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People are often told that in order to be successful, one must put aside anything and everything that does not directly serve your creative endeavors. This may work for some, but Shayba Muhammad has learned that going against the natural ebb and flow of one’s life often causes more stress than is necessary to achieve.
“It’s important to remember that while we will always have ideas of how we think things should be,” Muhammad says, “things not going according to plan actually helps us grow.”
This resilience is one of her guiding principles that she incorporates into her personal life as well as her designer jewelry line, Mahnal.
The partially self-taught metalsmithing and jewelry designer began her career studying fashion design at the Institute of Art in Chicago, but found herself creatively unfulfilled, ultimately deciding to leave the program. She found a position as a visual merchandiser for a line of accessories, but shortly found herself tempting to spend all her money on the pieces she was to help sell.
Her desire to experiment, express herself creatively, and save money, she began creating pieces for herself. “People started to compliment [my work], so I made custom orders for a while, which eventually lead to Mahnal.”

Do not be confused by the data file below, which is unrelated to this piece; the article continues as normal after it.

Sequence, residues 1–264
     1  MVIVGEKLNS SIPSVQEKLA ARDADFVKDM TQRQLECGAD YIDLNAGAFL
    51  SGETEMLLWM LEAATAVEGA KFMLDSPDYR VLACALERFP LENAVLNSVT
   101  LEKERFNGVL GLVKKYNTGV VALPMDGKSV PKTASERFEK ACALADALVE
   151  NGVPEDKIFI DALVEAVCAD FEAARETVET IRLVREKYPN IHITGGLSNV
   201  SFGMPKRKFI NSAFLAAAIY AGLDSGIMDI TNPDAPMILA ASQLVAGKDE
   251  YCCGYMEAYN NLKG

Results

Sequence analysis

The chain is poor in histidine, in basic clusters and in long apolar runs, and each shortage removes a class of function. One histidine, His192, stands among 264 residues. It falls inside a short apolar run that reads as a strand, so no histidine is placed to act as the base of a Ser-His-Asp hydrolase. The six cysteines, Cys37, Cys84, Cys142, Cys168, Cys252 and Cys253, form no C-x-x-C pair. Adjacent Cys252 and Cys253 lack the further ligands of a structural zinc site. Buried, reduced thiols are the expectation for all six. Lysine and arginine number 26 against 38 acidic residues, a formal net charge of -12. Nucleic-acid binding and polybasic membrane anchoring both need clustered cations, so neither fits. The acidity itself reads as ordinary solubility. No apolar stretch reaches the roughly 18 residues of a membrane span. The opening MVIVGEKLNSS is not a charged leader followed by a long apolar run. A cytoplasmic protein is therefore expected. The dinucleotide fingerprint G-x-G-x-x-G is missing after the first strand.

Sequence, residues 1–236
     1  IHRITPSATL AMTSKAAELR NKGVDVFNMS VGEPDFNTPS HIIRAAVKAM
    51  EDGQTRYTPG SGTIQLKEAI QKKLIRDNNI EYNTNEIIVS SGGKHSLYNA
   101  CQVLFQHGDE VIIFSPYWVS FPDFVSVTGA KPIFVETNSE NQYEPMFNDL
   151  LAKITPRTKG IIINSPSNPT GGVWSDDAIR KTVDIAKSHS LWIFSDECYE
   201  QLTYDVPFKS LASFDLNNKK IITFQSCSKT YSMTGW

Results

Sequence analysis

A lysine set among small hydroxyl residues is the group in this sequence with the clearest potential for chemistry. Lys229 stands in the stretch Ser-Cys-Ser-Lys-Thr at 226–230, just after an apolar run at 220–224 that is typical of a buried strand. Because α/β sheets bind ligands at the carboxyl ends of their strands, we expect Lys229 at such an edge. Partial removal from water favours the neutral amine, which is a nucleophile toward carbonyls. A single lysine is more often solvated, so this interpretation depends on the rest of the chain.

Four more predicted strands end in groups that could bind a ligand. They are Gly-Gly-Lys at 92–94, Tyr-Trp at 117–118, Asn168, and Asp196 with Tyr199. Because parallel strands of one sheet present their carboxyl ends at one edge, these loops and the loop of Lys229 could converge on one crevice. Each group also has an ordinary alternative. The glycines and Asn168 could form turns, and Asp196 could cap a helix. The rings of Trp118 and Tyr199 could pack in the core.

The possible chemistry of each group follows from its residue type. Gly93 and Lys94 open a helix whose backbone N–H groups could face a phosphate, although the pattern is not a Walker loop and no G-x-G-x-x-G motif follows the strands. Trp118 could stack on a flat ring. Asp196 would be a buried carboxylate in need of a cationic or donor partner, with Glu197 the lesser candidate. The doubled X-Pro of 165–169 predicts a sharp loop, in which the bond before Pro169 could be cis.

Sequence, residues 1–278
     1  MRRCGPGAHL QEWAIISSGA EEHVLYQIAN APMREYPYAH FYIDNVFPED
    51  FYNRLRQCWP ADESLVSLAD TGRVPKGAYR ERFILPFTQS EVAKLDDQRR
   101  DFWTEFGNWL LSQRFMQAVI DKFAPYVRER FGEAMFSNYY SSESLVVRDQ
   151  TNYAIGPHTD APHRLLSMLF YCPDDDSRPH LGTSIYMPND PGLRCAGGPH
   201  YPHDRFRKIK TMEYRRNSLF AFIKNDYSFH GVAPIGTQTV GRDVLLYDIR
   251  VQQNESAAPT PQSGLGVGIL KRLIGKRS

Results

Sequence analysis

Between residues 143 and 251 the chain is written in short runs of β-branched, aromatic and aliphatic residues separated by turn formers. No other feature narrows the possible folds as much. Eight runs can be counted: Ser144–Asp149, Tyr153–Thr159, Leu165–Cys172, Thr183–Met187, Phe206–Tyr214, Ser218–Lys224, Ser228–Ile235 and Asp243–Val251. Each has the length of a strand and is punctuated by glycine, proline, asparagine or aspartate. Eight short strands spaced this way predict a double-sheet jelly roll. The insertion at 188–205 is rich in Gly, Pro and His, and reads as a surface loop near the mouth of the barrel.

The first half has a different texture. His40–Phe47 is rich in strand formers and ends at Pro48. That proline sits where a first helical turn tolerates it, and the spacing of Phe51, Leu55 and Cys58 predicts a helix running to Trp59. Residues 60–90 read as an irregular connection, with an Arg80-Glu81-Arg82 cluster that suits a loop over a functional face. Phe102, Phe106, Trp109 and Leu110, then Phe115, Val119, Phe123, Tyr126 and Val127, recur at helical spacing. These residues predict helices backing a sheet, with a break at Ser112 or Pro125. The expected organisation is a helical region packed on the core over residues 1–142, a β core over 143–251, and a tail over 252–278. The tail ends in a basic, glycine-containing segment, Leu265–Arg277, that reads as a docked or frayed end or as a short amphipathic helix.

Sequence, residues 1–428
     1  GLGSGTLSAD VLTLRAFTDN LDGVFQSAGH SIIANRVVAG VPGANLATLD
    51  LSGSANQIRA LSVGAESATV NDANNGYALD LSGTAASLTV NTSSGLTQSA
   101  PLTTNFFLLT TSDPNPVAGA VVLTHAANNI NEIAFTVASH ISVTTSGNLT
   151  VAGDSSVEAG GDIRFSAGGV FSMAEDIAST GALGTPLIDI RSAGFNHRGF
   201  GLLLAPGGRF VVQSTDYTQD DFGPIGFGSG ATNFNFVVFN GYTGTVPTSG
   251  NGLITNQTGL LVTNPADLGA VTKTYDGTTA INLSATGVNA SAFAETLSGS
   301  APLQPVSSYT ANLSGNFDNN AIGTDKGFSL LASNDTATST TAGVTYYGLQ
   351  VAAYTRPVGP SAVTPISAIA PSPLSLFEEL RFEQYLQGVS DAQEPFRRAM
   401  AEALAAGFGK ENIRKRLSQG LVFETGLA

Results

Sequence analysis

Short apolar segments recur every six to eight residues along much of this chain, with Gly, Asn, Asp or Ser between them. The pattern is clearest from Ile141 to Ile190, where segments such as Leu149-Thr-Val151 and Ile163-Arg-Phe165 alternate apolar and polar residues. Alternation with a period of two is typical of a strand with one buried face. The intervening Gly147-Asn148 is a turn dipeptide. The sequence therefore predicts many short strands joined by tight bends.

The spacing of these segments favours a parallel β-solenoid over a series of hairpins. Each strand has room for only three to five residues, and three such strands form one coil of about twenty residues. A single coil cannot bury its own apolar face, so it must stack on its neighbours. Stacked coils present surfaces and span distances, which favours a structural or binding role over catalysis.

The name means ‘attainment, achievement, and success’ — all of which she quickly began to find.
Mahnal is a line of individually designed brass jewelry pieces hand crafted by Muhammad herself. Each piece is meant to “complement the wearer, not overpower either her outfit or her essence.”
Brass is a long lasting metal known for its beautiful sheen and ability to retain its natural beauty over time. “I wanted to create pieces that could be dressed up or down as simple and elegant statement pieces that could transcend trends,” she says.
After being fired unexpectedly from her visual merchandising position, Muhammad moved back home to Saint Louis to live with her grandmother.
Soon after, she lost her father, who was an important source of strength for her. Enjoying his support, Muhammad was able to create freely and take classes to hone her skills. “He always encouraged my creativity and reminded me to have faith in myself and the things I wanted to accomplish,” she says.
But with his passing, she closed her existing Etsy shop, and put in the “introspective work” needed to rebrand her line. She also soon gave birth to her son which caused her to put her creativity on hold, yet longer, to be a new mother.
Significant life-changing events bring many people to cast their creative endeavors aside completely, Muhammad gradually resumed her work and fully embraced the added complications. Where in the past she would have rushed processes she found unappealing or procrastinated in submitting a finished project, she has now honed a profound respect for time.
“It is important to stop and live your life; it isn’t as if it is going to stop happening around you,” she says. “Allowing yourself the time you need to do what you must do is key to creating a balance between your ambitions and responsibilities.”